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SLU Researcher Reports Improvements in Survival Rates in Patients with Metastatic Prostate Cancer

Research from Saint Louis University School of Medicine finds improvements in survival in both Veterans and men across the country over the last 20 years in metastatic prostate cancer, which correlates with new hormonal treatments.

ST. LOUIS — Research from Saint Louis University School of Medicine finds improvements in survival in both veterans and men across the country over the last 20 years in metastatic prostate cancer, which correlates with new hormonal treatments.

Martin Schoen, M.D., assistant professor of medicine and a member of the Saint Louis University AHEAD Institute, quantified trends in overall survival among men newly diagnosed with metastatic prostate cancer and has revealed his findings in a recent research letter in JAMA Network Open.

Dr. Martin Schoen poses for a photo.

Martin Schoen, M.D., assistant professor of medicine and a member of the Saint Louis University AHEAD Institute. Photo by Sarah Conroy. 

Metastatic prostate cancer accounts for 5–10% of all prostate cancer diagnoses, but it is responsible for nearly 50% of prostate cancer-related deaths. Since 2015, the prognosis of metastatic prostate cancer has improved with the introduction of new hormonal treatment and chemotherapy combined with androgen deprivation therapy in the first-line setting.

“In the last 10 years, several new therapies have been created that have made a dramatic impact in clinical trials,” said Schoen, lead author of the study. “We wanted to study this in the general population to assess whether these breakthroughs were making its way to them.”

The study reviewed two national datasets to identify the health outcomes of men with prostate cancer, one of the most common cancers in veterans. The cross-sectional retrospective study included male patients first diagnosed with prostate cancer between the years 2000-2019. Schoen and his team analyzed datasets of 58,859 men from SEER (Surveillance, Epidemiology, and End Results) and 14,904 men from the Veterans Affairs Central Cancer Registry (VACCR).

The SEER Program of the National Cancer Institute (NCI) collects and publishes cancer incidence and survival data from population-based cancer registries covering about 48% of the U.S. population. The VACCR collects cancer diagnosis and treatment information from the 132 VA Medical Centers that treat veterans with cancer.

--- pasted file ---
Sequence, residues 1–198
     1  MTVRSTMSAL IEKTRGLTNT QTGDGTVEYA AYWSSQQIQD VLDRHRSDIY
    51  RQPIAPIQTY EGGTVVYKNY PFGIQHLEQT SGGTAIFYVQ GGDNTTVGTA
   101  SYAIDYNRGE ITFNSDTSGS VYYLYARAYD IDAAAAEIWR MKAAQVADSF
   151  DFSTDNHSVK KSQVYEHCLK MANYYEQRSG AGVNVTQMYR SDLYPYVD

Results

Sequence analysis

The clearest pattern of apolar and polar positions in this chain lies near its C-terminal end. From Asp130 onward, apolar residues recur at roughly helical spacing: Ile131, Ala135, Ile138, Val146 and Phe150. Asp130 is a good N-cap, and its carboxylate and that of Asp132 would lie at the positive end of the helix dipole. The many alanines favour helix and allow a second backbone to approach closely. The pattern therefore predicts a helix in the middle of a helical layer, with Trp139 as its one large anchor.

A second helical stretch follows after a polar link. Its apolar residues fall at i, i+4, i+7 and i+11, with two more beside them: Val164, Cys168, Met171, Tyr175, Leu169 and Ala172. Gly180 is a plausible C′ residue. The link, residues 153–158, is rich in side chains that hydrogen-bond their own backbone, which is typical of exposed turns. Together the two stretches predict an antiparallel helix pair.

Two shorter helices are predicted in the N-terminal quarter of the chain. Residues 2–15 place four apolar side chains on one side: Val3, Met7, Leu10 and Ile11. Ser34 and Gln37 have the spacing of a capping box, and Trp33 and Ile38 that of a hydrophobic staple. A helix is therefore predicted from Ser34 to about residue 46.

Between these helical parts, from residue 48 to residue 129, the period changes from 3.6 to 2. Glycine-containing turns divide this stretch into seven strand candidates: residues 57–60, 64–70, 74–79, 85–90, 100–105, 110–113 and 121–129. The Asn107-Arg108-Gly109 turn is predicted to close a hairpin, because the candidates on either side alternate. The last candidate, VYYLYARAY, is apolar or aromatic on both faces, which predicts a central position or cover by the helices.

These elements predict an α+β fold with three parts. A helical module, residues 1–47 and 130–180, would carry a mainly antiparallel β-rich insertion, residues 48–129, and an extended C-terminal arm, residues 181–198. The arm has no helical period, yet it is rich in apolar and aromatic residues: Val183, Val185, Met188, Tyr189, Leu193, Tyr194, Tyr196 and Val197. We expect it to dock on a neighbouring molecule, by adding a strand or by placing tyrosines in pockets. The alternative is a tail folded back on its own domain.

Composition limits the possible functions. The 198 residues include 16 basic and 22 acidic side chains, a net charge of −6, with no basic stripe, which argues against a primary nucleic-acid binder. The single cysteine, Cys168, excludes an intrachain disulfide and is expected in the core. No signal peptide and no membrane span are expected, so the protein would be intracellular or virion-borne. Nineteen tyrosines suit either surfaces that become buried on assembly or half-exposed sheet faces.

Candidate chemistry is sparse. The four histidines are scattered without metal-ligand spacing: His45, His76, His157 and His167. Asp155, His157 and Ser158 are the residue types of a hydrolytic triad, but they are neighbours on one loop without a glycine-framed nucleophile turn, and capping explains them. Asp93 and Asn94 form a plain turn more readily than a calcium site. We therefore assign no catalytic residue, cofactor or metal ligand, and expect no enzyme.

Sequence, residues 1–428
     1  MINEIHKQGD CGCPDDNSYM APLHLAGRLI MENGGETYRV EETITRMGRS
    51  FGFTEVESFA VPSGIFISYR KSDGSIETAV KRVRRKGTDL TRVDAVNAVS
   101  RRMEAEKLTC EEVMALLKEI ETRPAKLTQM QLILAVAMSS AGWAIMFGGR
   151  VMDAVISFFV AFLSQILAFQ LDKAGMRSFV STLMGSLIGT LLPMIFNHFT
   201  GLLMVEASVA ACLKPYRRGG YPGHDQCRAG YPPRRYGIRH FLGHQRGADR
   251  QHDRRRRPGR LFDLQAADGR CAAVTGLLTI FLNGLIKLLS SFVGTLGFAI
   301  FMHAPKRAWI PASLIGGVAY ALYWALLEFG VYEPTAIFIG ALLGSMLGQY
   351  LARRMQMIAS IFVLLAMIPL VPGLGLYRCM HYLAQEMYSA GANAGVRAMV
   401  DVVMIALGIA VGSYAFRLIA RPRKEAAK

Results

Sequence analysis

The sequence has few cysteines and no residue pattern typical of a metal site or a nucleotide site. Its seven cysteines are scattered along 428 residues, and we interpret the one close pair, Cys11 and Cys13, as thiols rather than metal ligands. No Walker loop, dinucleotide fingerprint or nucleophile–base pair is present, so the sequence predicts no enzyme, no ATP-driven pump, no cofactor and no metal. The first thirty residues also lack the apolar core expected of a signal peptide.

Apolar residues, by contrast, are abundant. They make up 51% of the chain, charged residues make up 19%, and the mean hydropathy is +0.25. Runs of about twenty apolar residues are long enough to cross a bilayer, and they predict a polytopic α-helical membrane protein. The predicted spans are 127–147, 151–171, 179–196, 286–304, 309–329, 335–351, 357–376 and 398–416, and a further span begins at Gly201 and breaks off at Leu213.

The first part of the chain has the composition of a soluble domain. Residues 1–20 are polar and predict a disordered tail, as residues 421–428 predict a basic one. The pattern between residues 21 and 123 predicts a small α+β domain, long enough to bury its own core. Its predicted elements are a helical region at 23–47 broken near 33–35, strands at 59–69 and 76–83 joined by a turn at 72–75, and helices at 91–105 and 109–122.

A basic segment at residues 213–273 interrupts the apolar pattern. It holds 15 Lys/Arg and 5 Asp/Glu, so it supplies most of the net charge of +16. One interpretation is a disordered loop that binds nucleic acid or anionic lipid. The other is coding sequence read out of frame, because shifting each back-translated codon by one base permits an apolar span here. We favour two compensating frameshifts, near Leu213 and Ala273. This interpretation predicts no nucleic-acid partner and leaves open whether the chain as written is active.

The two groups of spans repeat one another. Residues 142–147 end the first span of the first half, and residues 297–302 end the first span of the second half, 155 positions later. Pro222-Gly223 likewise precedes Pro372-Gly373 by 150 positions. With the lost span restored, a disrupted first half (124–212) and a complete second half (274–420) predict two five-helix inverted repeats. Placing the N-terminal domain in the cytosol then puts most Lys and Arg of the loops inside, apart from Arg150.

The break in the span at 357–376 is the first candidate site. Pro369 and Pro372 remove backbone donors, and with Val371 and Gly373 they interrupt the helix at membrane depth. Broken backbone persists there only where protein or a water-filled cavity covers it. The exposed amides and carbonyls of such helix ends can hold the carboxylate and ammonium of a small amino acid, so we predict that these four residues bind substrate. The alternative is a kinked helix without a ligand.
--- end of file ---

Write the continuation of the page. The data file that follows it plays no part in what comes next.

The study focused on the survival of men in different age groups. Schoen and the research team found that the median overall survival in patients younger than 70 significantly improved in the U.S. population from 2000 to 2019. Still, there was little change in men over 70 during the same period.

The study also found that overall survival rates were similar in SEER and VHA. Schoen, a Navy veteran who works as a hematologist/oncologist at St. Louis Veterans Affairs Medical Center, said he was pleased the data showed that in prostate cancer care, veteran care is as good or better than the treatment men receive in the general community.

The study notes that while new treatments are available and increased overall survival has been observed in clinical trials, researchers cannot assume these developments improve disease management in clinical practice. The overall survival of men with metastatic prostate cancer is lower in clinical practice than in clinical trials, as patients are typically older with more health conditions.

Researchers say further study is needed as the study is limited by lack of data on men with other medical problems, such as heart disease or diabetes.

This study was supported by the Prostate Cancer Foundation Igor Tulchinsky, Robert Taubman Sandler – PCF Valor Young Investigator Award, and Department of Defense grant No. W81XWH-22-1-0602.

Additional authors include Bruce Montgomery, M.D., VA Puget Sound Healthcare System, Fred Hutchinson Cancer Center and University of Washington School of Medicine; Lukas Owens, VA Puget Sound Healthcare System and Fred Hutchinson Cancer Center; Saira Khan, Ph.D., Washington University in St. Louis School of Medicine; Kristen Sanfilippo, M.D., Washington University in St. Louis School of Medicine; and Ruth B. Etzioni, Ph.D., Fred Hutchinson Cancer Center and University of Washington School of Medicine.

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